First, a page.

The film was the second half of a double feature, paired with How I Won the War, and it was worth staying to see. McCartney's score is top notch, and it's a shame it's not available on CD. The film is based on a play, and it has the feel of watching a filmed stage production. There aren't a lot of different locations used for filming, and most of the action takes place in a house. This may not sound so interesting but the story and characters are worth following. Hayley Mills is wonderful and her father, John Mills, turns in a stellar performance as her husband's overbearing father. They don't make films like this anymore, which is too bad.
Note: The film has garnered a slight notoriety for a "nude" scene involving Hayley Mills. What this amounts to is a very brief shot of her holding a towel around herself and baring part of her backside. The shot is so brief that you will scratch your head wondering how this ever became even worthy of comment. I'd guess that this film would be rated "G" or at worst "PG" by American standards today, as it has no foul language, very little violence, and no on screen sex or nudity.
I just saw this film for the first time last Friday night at an American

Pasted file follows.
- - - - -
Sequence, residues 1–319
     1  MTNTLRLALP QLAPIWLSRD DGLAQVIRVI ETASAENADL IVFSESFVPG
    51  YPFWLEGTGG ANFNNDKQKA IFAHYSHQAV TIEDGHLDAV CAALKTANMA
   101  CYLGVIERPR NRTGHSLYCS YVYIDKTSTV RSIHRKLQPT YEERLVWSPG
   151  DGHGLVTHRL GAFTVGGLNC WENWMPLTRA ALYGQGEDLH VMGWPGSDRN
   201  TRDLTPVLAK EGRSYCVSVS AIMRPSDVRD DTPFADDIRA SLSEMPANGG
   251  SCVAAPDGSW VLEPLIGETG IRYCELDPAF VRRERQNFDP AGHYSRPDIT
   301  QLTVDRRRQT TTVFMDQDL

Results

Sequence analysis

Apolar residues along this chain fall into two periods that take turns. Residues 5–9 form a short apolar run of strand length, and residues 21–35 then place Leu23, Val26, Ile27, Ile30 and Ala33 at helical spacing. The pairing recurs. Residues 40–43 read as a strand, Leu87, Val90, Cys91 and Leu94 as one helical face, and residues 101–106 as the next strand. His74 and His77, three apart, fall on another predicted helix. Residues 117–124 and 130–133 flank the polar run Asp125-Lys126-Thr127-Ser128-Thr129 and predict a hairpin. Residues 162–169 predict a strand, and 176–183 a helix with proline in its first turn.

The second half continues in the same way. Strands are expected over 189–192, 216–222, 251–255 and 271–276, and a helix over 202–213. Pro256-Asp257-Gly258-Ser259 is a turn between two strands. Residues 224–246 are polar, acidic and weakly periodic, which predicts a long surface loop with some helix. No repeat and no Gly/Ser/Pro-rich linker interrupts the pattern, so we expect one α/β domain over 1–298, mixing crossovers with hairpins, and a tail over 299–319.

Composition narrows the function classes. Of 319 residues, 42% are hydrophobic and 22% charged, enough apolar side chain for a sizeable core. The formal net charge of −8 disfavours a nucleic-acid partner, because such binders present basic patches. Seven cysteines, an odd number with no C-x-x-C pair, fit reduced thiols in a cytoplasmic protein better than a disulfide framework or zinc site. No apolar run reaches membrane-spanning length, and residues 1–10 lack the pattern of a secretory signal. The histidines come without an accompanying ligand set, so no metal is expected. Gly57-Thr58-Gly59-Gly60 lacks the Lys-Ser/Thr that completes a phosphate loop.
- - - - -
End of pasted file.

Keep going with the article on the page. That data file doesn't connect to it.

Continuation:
Cinematheque screening in L.A. I had pretty low expectations for it but
curious to see John Lennon in an acting role. You could see this film as
pre-cursor to M*A*S*H, but I think that's giving it too much credit.
In short, the film succeeded in meeting my low expectations. I've seen my share of British cinema and particularly a lot of Monty Python, which this film vaguely recalls, and this was a challenging film for me to watch in terms of understanding the humor, the language, and the slang being used by the characters. The bits of slapstick are good, but there aren't enough of them to save the film. Michael Crawford is really the star of the film, and I discovered that a little of him goes a long way. Ninety minutes of him is too much. As for Lennon, he's mostly a small supporting character, although he's given virtually equal billing with Crawford. If you saw Help! or A Hard Day's Night, you know a little about John's personality, and it shines through in the same way here.
I'd recommend watching this at home on video, where you can stop it and return to it if it gets tiresome, which it probably will. I understand that it's due for a DVD release sometime soon.